The extent to which this month’s closure of the GHI office will have an impact on the PEPFAR agenda remains to be seen. A collaborative leadership structure led by USAID, CDC and OGAC will now assume the mandate of ensuring that GHI principles – which emphasize country ownership, strategic coordination and integration, and women’s health – continue to be adopted across the U.S. global health architecture. Until its closure, plans were underway to transition the GHI office from the State Department to USAID which would then have become the lead agency for coordinating U.S. global health programming, except PEPFAR.

Some quarters believe GHI’s more comprehensive and holistic approach to global health may be lost.

“My question for the administration is how do you make those [GHI] principles stick without an initiative,” Center for Health and Gender Equity President Serra Sippel told Devex while calling the office shutdown “disturbing.”

At the same time, there are signs that PEPFAR implementing agencies are beginning to design programming in the context of overall well-being, putting prospective partners with well-rounded health expertise at a competitive advantage. As one example, CDC Director Tom Frieden testified before Congress in September 2010 that PEPFAR was concurrently and intentionally supporting tuberculosis programming.

“Fundamentally, it is a question of good management, and significant PEPFAR resources are going into improving the management of tuberculosis. Many of the countries in Africa had functioning tuberculosis-control systems, but when HIV came in and tripled the number of cases, they were overwhelmed,” said Frieden.

In 2011, Devex recorded that about 4 percent of HIV/AIDS-related tenders issued by the U.S. government also required significant expertise in tuberculosis management. These included tenders for systems strengthening for better HIV/TB patient outcomes in South Africa and strengthening the capacity of the Dominican Republic to provide HIV/STI/TB prevention services.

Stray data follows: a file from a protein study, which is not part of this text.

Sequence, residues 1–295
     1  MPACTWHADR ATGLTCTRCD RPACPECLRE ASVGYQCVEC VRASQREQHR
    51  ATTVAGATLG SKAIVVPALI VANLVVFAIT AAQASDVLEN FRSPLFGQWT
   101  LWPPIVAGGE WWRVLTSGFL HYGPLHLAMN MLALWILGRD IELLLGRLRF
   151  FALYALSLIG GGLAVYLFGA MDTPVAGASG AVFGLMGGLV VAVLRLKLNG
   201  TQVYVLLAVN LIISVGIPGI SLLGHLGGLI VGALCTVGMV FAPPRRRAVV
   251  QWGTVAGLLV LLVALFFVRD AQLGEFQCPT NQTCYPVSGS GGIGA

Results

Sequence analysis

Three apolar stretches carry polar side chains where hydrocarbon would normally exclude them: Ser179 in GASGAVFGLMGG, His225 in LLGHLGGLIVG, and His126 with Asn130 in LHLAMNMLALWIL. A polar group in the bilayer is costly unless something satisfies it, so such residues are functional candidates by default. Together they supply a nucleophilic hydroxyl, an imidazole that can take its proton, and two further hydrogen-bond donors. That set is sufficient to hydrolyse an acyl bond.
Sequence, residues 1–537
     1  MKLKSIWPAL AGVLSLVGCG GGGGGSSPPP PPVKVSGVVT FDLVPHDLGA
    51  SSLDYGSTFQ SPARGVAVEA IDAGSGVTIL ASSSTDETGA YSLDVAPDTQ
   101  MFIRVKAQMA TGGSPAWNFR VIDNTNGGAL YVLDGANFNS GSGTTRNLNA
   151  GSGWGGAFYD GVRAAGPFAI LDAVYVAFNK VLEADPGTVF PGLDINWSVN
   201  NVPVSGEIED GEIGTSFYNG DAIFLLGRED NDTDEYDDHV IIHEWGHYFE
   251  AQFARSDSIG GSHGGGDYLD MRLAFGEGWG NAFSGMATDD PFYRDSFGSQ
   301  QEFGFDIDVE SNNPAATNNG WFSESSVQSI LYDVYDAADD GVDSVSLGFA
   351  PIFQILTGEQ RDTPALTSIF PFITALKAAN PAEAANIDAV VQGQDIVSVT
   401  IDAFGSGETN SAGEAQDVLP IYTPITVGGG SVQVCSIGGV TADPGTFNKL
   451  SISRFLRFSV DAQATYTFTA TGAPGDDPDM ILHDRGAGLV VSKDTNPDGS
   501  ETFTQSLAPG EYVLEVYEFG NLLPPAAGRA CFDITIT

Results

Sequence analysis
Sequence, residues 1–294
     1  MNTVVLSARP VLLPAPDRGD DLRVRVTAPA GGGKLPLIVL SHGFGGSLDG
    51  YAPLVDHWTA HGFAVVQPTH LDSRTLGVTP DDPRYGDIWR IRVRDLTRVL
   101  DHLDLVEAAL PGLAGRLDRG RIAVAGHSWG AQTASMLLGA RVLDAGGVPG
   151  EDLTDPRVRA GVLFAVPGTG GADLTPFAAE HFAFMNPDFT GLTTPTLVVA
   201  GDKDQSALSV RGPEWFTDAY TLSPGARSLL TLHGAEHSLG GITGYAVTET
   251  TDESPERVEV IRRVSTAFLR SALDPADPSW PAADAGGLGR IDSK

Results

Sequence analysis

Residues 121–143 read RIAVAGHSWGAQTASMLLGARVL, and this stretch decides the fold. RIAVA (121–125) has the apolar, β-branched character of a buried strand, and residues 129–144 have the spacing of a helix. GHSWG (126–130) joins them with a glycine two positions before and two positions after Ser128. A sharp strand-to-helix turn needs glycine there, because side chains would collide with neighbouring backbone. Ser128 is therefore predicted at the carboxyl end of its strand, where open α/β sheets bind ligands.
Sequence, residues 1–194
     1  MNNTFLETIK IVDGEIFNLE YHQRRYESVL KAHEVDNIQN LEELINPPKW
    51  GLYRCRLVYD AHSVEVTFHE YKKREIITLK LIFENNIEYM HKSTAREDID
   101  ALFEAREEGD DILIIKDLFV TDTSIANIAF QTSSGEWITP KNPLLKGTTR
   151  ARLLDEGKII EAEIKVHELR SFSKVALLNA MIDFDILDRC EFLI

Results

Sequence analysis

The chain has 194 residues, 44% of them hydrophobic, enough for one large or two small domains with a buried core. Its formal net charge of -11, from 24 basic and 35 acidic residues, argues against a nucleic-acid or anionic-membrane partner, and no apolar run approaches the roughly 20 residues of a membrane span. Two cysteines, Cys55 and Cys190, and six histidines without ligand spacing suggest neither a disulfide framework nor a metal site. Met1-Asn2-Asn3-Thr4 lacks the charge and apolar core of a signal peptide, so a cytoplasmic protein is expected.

Next year, PEPFAR marks its 10th anniversary. This is no small feat for an initiative which a number of leading development experts initially feared would not ever get off the ground. The Obama administration’s apparent about-face on components of GHI is but one reminder that in Washington – especially as administrations come and go – ideas, initiatives, and funding often fade away all too quickly. The U.S. foreign aid industry is no exception. If PEPFAR can continue its commitment to innovation and partnership, however, visitors to the U.S. capital this week can still be hopeful over America’s leadership role in the fight against HIV/AIDS.

Lorenzo Piccio contributed to this report.

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About the author

  • Pete Troilo

    Former director of global advisory and analysis, Pete managed all Devex research and analysis operations worldwide and monitors key trends in the global development business. Prior to joining Devex, Pete was a political and security risk consultant with a focus on Southeast Asia. He has also advised the U.S. government on foreign policy and led projects for the Asian Development Bank and International Finance Corp. He still consults for Devex on a project basis.